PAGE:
Students Develop Molecule that Inhibits Influenza Virus
Three years after receiving a $150,000 National Science Foundation grant, faculty-directed undergraduate student researchers at Alma College have developed a molecule that inhibits certain strains of the human influenza virus.
The grant through the NSF’s Research in Undergraduate Institutions (RUI) program, awarded in August 2009, supported the synthesis of a new generation of neuraminidase inhibitors that principal investigator Jeff Turk says could guide the future development of antiviral drugs.
Jeff Turk involves students in medicinal drug-discovery research.
“We have made significant progress,” says Turk, assistant professor of chemistry. “The influenza virus spreads in the body by an enzyme-mediated pathway. The neuraminidase enzyme found on the surface of the influenza virus is responsible, in part, for the spread of the virus. If we can create a molecule that inhibits the neuraminidase protein, we can slow or even halt the spread of the virus.”
Turk initially designed a series of small molecules that were shown by computer modeling to have the potential to bind inside the neuraminidase protein and inhibit the influenza infection. Over the course of the NSF grant, Turk and his students synthesized, evaluated and modified the molecules.
“This past summer, we synthesized a lead compound that has shown the ability to inhibit the neuraminidase enzyme by 95 percent — meaning only 5 percent of the enzyme remains active,” says Turk. “With this accomplishment, we are now at a jumping point in our research. Our next steps are to build on this lead compound. We will be seeking additional grant funding to extend our research.”
Not all neuraminidase proteins are structured the same, says Turk. Research teams across the country synthesize and modify different molecule constructions that target specific strains of influenza. Alma’s lab has focused on the H1N1 virus, commonly known as swine flu.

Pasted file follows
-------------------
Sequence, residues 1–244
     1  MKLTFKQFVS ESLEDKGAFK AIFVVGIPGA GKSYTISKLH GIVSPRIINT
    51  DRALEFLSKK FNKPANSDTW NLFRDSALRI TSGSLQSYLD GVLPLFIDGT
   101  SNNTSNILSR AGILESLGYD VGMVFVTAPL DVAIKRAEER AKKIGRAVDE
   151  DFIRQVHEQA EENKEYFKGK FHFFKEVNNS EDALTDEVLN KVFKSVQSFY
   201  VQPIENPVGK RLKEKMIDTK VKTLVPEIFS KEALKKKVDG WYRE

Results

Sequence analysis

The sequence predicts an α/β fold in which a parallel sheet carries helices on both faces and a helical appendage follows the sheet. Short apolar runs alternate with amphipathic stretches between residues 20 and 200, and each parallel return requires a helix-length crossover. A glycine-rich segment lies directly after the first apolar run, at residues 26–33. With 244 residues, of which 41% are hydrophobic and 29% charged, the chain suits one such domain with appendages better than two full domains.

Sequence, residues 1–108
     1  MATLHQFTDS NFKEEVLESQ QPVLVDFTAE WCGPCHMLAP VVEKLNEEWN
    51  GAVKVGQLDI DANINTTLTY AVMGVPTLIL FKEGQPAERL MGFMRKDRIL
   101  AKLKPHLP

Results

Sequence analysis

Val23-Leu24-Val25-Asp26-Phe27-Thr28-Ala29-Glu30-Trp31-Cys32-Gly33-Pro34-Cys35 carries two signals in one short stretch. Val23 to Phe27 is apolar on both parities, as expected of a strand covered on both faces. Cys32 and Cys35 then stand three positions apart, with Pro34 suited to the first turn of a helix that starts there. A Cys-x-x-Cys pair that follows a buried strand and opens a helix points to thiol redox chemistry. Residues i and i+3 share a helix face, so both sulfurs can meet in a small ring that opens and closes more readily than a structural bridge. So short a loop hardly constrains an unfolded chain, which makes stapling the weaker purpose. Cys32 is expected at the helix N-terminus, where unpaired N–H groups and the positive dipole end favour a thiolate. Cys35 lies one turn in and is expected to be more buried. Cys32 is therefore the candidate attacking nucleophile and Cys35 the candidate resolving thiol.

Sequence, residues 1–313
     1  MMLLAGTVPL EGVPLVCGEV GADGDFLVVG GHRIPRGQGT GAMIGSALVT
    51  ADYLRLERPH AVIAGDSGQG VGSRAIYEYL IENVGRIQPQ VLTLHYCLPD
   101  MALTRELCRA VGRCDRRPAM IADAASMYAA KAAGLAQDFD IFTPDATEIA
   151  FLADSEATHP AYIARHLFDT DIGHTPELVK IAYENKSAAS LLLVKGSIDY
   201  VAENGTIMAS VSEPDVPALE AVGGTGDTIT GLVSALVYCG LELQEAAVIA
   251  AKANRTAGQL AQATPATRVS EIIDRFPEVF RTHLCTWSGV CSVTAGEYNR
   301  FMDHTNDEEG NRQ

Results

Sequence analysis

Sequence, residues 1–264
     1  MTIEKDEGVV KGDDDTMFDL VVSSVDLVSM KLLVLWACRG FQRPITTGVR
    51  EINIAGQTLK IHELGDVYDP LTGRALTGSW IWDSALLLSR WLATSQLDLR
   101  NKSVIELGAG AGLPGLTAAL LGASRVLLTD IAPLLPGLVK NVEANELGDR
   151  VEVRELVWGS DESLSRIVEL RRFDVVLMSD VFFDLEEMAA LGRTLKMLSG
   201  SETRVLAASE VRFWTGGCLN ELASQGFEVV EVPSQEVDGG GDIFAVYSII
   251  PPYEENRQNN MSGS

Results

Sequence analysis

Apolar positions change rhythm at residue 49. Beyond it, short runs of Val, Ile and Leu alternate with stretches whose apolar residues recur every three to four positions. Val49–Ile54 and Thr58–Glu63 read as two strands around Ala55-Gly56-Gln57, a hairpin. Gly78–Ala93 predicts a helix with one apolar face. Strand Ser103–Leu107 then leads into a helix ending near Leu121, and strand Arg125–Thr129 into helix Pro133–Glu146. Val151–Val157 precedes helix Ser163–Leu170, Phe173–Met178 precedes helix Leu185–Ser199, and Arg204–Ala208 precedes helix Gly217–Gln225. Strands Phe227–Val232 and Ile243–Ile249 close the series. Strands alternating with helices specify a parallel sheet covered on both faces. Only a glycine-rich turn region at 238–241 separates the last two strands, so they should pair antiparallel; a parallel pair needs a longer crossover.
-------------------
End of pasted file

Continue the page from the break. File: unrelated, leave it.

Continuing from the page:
“Other labs are producing successful molecules, but all are different and unique in their construction,” he says. “When researchers publish their findings, we all learn about the kinds of molecules that may be most effective.
“Tamiflu, the prescribed medicine most often used now to treat most forms of influenza, inhibits the neuraminidase enzyme close to 100 percent like ours, but the concentration required to do it is much less than ours,” says Turk. “There is still a lot of work to do, but our molecule has shown the potential of being developed into a drug that inhibits the virus at the same magnitude as Tamiflu.”
Alma’s research has received an external endorsement from James Stevens, a scientist and team lead in the Virology Surveillance and Diagnosis Branch of the Influenza Division at the Centers for Disease Control and Prevention.
“The ability to acquire relevant viral strains for laboratory research hinges on funding; they are expensive,” says Turk. “Dr. Stevens has reviewed our research and has agreed to send us modern viral enzymes at no cost.
“Also, we do not have the expertise or equipment to x-ray crystal structures of our molecules cocrystallized with the enzyme — a process that produces a three-dimensional picture of what the molecule looks like. Dr. Stevens has agreed to do the cocrystalization of our molecule. That’s a major step for us,” says Turk.
Turk and project collaborator Joe Beckmann, professor of biochemistry at Alma College, actively engage undergraduate students in their research. Over the course of the NSF grant, 12 students have participated in the project, and 11 students have presented research findings at local and national American Chemical Society meetings.
Beckmann assisted the students in evaluating the binding effectiveness and mechanisms of the synthetic molecules.
“Medicinal chemistry is a field typically reserved for graduate programs, but involving undergraduate students in the drug-discovery process has proven to have an invaluable impact on their learning,” says Turk. “They confront firsthand important questions: Why are we making this molecule? Why are we shaping it this way? What are the interactions with the targeted enzyme? They follow the project from inception, through synthesis, then testing.”
Turk and Beckmann described their efforts in involving undergraduate students in medicinal chemistry research in a recently published article in the Journal of Chemical Education titled “Resources for an Investigative and Sustainable Undergraduate Medicinal Chemistry Research Program.”
“The pedagogical reasons for involving undergraduates in this kind of research is just as important as the scientific output,” says Turk.
“We have made significant progress on our research because of the efforts of our undergraduates students,” says Turk. “This is a culmination of only three summers of work, and the progress they have made is very commendable.”
Posted: Fri, November 16th, 2012 at 8:42AM